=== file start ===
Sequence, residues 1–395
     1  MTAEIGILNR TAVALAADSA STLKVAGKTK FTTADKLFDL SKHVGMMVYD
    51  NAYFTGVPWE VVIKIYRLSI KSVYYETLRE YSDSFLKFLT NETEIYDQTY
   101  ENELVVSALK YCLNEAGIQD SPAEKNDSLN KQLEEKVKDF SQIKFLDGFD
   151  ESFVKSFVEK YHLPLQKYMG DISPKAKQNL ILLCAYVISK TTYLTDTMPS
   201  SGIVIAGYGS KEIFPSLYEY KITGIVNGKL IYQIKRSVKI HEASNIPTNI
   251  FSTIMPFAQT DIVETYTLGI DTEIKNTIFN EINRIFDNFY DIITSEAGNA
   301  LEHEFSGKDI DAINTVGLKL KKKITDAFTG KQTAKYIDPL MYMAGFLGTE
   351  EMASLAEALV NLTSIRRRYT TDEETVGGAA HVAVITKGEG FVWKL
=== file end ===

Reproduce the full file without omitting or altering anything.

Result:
Sequence, residues 1–395
     1  MTAEIGILNR TAVALAADSA STLKVAGKTK FTTADKLFDL SKHVGMMVYD
    51  NAYFTGVPWE VVIKIYRLSI KSVYYETLRE YSDSFLKFLT NETEIYDQTY
   101  ENELVVSALK YCLNEAGIQD SPAEKNDSLN KQLEEKVKDF SQIKFLDGFD
   151  ESFVKSFVEK YHLPLQKYMG DISPKAKQNL ILLCAYVISK TTYLTDTMPS
   201  SGIVIAGYGS KEIFPSLYEY KITGIVNGKL IYQIKRSVKI HEASNIPTNI
   251  FSTIMPFAQT DIVETYTLGI DTEIKNTIFN EINRIFDNFY DIITSEAGNA
   301  LEHEFSGKDI DAINTVGLKL KKKITDAFTG KQTAKYIDPL MYMAGFLGTE
   351  EMASLAEALV NLTSIRRRYT TDEETVGGAA HVAVITKGEG FVWKL